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New ABL chair wants to continue to grow, scale Black-owned businesses in metro Atlanta

Ryan Wilson, co-founder, and CEO of The Gathering Spot. (Image provided by Ryan Wilson.)

At 32, Ryan Wilson will be one of the youngest chairmen in the organization’s 90-year history. 

By Allison Joyner

On Tuesday, Jan. 31, the Atlanta Business League (ABL) starts its 90th-anniversary celebration with a new board of directors chaired by the CEO and co-founder of The Gathering Spot Ryan Wilson

“I’m focused on Black folks. Focused on finding ways to connect Black folks and that’s at the Atlanta Business League,” Wilson said.

Wilson, also the Chief Community Officer at the digital banking platform Greenwood, is not taking this opportunity lightly. He is excited to be in this leadership role and looks forward to working with the new board and ABL members.

Founded by Booker T. Washington during the turn of the 20th Century, the ABL’s purpose is to support businesses owned by African Americans and to help implement programs, policies and legislative initiatives to help foster those businesses and Black entrepreneurs.

Now, 90 years later, one of the South’s first business organizations continues to fulfill its mission. 

Ryan Wilson, the new chairman of the Atlanta Business League. (Image provided by ABL.)

“We have entrepreneurs that are just starting, entrepreneurs that are in the middle of their game and folks that have retired and are still around telling us about what they did,” Wilson said.

He has already hit the ground running to implement his goals while in office. 

“Any organization that is on the front lines of making sure that we are trying to help companies start and scale [their businesses] was something that I wanted to be a part of,” Wilson said. “I knew that if I was in that environment that would help our business too.”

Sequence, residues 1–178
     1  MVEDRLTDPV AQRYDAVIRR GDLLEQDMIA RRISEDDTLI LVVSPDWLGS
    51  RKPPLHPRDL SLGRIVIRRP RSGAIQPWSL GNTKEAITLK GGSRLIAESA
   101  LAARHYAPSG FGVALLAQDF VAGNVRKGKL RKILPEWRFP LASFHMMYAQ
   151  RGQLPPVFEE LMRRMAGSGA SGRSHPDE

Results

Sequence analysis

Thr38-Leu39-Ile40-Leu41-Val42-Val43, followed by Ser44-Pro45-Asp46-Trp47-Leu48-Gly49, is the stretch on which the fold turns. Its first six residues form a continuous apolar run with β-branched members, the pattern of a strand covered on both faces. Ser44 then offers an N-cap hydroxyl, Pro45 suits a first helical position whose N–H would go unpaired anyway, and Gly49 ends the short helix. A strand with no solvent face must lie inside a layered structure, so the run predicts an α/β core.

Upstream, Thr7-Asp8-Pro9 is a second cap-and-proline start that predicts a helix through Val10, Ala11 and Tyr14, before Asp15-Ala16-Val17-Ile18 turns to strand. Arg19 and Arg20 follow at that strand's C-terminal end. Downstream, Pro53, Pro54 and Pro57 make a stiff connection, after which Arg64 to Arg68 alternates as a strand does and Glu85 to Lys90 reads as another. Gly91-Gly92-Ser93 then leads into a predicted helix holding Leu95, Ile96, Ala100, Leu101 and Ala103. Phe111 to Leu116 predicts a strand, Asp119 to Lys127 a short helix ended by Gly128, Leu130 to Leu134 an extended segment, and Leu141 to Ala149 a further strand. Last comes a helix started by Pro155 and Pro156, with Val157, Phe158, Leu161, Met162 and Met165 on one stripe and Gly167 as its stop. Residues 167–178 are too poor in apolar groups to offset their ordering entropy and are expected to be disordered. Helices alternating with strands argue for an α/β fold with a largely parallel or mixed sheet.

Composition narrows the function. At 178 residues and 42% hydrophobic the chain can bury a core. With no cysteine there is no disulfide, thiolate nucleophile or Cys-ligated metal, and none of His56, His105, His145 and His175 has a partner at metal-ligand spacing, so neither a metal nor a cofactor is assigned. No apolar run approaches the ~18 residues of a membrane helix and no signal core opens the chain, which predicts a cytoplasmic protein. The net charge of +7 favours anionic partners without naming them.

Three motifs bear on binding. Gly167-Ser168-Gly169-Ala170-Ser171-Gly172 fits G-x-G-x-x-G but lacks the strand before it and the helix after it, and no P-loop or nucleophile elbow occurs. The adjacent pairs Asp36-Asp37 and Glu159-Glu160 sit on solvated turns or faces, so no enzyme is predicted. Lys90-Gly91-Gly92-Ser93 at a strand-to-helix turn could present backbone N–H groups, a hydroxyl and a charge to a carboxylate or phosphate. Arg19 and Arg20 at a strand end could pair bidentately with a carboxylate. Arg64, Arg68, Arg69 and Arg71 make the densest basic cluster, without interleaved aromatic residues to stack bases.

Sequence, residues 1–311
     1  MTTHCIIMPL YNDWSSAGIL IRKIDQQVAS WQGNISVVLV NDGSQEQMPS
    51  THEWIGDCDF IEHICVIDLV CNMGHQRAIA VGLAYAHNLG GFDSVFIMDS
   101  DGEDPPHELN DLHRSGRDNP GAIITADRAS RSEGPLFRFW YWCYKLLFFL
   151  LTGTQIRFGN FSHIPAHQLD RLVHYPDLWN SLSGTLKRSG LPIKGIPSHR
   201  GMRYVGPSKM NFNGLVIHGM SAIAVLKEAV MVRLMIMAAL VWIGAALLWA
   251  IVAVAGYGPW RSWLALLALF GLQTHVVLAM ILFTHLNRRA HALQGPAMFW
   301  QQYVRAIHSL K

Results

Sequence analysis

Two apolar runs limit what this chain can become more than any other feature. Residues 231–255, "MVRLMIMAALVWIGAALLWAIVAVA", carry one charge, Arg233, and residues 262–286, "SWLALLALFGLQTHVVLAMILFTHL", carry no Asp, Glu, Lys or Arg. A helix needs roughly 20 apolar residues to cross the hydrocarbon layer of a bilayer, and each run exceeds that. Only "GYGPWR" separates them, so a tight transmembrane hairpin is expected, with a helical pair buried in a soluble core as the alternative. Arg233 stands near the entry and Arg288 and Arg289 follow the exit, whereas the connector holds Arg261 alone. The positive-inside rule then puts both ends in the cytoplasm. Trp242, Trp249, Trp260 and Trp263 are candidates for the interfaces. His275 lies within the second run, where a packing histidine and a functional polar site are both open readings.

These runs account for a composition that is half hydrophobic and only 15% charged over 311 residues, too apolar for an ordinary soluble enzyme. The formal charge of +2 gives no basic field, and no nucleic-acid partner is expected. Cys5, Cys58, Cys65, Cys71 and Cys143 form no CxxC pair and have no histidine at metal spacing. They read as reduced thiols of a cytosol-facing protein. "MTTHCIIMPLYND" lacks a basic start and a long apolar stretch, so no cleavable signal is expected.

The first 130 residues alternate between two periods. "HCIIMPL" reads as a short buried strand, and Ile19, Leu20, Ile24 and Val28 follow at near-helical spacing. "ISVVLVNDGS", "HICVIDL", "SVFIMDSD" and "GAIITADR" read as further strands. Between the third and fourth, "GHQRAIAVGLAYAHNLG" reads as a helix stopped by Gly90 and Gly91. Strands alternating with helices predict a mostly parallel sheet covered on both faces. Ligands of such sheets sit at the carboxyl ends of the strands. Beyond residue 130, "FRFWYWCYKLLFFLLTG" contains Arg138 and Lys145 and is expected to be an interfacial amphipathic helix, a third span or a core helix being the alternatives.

He told SaportaReport that his first goal as chairman is to help close the wealth gap in the city by continuing to grow Black businesses —  an essential part of the city’s economy. 

“We’ve got to protect Black-owned companies in the city and make sure that they still are part of the engine that drives the city in the way it has for a long time,” Wilson said. 

When Wilson and his business partner, TK Petersen, had to close their members-only workspace during the pandemic, they continued their focus on people, building connections and constantly networking which was the catalyst for how they could keep their business alive. 

Connecting and networking helped open their second and third locations in Washington D.C. and Los Angeles. 

“I’m grateful the community stuck with us. We were not getting smaller as an organization through COVID, which is a tremendous blessing,” Wilson said, “but it’s part of what helped us move forward by staying focused on the thing that we’ve always been focused on.”

Whether it’s adjusting to life in a COVID world or other trials and tribulations that come with starting a company, Wilson always believed that if he focused on what is helpful for African Americans, that would get him through whatever challenges that may come. 

“We were focused on the problem we were trying to solve, not the symptoms of another issue,” Wilson said. “It was helpful because we dedicated the time to build more clubs.” 

Wilson is now focused on continuing the legacy of the ABL and celebrating its 90th anniversary. He plans to maintain the informative events and seminars they are known for but wants everyone to know that the work will continue.

Ryan Wilson speaking at an Atlanta Business League event. (Image provided by ABL.)

“This is a working year and it’s not going to be a year of celebration,” Wilson said. “I look at the 90th year as an opportunity to talk about our past and specifically emphasize our future, knowing that the challenges for Black-owned businesses are not getting smaller.”

Wilson added that he refuses to be part of a generation that watched a meaningful organization, like the ABL, deteriorate in front of his eyes. Instead, he wants to preserve it for the generations ahead. 

“I see myself as a part of a continuum and a part of a long history of people that have been doing this work for a long time,” Wilson said, “and it’s just my time in that chain to continue to push the effort forward.”

He wants to encourage all Black business owners, creators and entrepreneurs to consider joining the ABL community. 

“Whether you’re looking for a community of people that can help you grow and scale your own business or you want to be a part of a community where you can give back to the folks around you leveraging the things that you’ve learned, this is the organization that needs your participation,” Wilson said. 

Click here to find out more.  



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